Incorporating Nearest-Neighbor Site Dependence into Protein Evolution Models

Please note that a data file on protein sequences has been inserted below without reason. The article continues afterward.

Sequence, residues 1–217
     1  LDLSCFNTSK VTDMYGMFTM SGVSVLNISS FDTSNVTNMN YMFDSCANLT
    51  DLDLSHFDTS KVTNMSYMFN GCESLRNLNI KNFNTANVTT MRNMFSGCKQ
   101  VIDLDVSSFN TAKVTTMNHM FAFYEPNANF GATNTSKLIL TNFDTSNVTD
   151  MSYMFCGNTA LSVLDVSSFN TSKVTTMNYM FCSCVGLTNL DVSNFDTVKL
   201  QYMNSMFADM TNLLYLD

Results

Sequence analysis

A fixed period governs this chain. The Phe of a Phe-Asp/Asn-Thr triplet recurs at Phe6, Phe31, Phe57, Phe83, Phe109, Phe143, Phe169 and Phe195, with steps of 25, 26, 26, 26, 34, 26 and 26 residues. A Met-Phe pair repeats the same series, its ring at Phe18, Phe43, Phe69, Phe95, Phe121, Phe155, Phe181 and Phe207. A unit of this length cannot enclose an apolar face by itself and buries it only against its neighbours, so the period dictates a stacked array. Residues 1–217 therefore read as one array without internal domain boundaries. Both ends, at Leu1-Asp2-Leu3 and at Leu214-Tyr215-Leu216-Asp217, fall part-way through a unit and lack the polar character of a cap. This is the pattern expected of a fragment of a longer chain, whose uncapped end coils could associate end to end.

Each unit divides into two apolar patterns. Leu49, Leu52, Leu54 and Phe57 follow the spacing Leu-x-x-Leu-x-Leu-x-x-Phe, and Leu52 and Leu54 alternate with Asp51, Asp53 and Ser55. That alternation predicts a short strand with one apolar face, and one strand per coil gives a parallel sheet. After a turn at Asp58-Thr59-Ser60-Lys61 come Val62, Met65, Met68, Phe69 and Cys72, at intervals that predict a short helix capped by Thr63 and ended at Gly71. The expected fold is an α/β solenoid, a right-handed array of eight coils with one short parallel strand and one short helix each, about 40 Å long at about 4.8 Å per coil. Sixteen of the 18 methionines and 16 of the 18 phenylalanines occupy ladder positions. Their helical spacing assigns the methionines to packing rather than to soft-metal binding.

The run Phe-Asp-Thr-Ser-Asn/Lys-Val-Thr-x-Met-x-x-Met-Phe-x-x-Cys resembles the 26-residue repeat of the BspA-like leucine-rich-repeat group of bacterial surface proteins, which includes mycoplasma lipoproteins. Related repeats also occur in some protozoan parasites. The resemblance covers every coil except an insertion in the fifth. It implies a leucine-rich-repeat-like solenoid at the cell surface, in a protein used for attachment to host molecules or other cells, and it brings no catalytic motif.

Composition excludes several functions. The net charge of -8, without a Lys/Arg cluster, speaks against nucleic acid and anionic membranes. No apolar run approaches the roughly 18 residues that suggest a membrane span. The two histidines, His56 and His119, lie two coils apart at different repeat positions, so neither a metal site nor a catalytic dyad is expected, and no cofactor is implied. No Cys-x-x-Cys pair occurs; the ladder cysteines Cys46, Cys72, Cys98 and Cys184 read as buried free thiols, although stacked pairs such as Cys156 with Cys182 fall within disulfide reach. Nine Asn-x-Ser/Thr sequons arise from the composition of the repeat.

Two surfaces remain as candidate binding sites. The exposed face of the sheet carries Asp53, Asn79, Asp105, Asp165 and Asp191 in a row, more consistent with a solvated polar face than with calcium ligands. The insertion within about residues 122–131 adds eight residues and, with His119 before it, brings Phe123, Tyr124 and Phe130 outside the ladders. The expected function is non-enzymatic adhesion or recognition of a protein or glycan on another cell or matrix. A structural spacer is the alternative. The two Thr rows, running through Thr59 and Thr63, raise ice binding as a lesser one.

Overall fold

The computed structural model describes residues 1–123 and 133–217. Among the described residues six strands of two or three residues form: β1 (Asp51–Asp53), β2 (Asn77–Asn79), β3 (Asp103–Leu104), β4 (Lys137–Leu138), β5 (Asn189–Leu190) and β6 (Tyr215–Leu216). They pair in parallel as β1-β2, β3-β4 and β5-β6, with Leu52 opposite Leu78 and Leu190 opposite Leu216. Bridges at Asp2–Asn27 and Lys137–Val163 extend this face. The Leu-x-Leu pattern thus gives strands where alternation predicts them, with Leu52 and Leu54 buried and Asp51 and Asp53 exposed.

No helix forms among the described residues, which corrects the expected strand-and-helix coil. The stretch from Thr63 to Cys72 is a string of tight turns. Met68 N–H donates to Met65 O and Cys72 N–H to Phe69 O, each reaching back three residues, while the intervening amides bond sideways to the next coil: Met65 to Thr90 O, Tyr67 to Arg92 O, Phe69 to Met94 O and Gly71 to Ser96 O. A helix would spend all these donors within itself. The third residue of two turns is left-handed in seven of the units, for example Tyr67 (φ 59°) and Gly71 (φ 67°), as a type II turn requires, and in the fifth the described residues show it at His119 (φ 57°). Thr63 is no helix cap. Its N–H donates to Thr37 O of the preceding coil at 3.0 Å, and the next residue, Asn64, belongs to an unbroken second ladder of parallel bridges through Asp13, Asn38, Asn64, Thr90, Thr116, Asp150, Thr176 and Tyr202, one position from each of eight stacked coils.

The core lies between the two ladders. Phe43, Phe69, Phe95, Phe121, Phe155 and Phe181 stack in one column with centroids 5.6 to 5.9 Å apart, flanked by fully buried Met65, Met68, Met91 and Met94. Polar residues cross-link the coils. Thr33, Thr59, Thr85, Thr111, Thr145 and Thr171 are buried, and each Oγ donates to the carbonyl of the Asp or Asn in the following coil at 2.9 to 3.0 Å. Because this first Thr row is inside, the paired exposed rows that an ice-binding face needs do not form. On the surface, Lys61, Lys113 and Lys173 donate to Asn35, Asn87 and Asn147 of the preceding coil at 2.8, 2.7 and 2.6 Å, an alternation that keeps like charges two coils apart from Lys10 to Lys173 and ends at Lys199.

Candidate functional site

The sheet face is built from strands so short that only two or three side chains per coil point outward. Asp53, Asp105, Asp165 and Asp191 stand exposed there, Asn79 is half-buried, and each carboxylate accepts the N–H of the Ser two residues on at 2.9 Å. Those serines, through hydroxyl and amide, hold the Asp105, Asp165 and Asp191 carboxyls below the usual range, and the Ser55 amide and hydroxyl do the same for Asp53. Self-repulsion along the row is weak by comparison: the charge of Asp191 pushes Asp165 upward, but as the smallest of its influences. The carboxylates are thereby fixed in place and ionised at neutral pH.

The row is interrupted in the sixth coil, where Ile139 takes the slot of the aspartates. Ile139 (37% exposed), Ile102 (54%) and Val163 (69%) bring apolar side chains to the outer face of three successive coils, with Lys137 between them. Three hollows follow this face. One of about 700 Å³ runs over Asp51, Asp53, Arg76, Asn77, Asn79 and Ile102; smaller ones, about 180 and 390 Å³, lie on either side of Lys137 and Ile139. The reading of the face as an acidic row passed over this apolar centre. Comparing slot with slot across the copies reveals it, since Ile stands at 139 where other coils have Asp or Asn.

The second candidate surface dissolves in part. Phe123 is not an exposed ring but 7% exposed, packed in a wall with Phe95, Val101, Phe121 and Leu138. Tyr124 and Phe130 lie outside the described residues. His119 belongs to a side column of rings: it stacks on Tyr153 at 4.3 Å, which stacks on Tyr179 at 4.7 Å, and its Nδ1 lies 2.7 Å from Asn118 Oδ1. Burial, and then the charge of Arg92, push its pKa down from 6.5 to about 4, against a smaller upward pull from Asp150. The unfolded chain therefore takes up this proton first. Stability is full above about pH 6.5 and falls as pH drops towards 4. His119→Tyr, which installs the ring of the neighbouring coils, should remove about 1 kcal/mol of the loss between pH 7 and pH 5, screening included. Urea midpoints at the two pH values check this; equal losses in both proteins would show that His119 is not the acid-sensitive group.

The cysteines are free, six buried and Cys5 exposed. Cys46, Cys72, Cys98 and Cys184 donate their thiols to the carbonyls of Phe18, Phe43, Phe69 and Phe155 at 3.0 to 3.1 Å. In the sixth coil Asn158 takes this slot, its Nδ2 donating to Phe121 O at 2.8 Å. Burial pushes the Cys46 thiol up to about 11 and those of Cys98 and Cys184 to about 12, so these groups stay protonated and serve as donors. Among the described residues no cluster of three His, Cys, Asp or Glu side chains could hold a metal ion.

AbstractEvolutionary models of proteins are widely used for statistical sequence alignment and inference of homology and phylogeny. However, the vast majority of these models rely on an unrealistic assumption of independent evolution between sites. Here we focus on the related problem of protein structure alignment, a classic tool of computational biology that is widely used to identify structural and functional similarity and to infer homology among proteins. A site-independent statistical model for protein structural evolution has previously been introduced and shown to significantly improve alignments and phylogenetic inferences compared with approaches that utilize only amino acid sequence information. Here we extend this model to account for correlated evolutionary drift among neighboring amino acid positions. The result is a spatiotemporal model of protein structure evolution, described by a multivariate diffusion process convolved with a spatial birth–death process. This extended site-dependent model (SDM) comes with little additional computational cost or analytical complexity compared with the site-independent model (SIM). We demonstrate that this SDM yields a significant reduction of bias in estimated evolutionary distances and helps further improve phylogenetic tree reconstruction. We also develop a simple model of site-dependent sequence evolution, which we use to demonstrate the bias resulting from the application of standard site-independent sequence evolution models.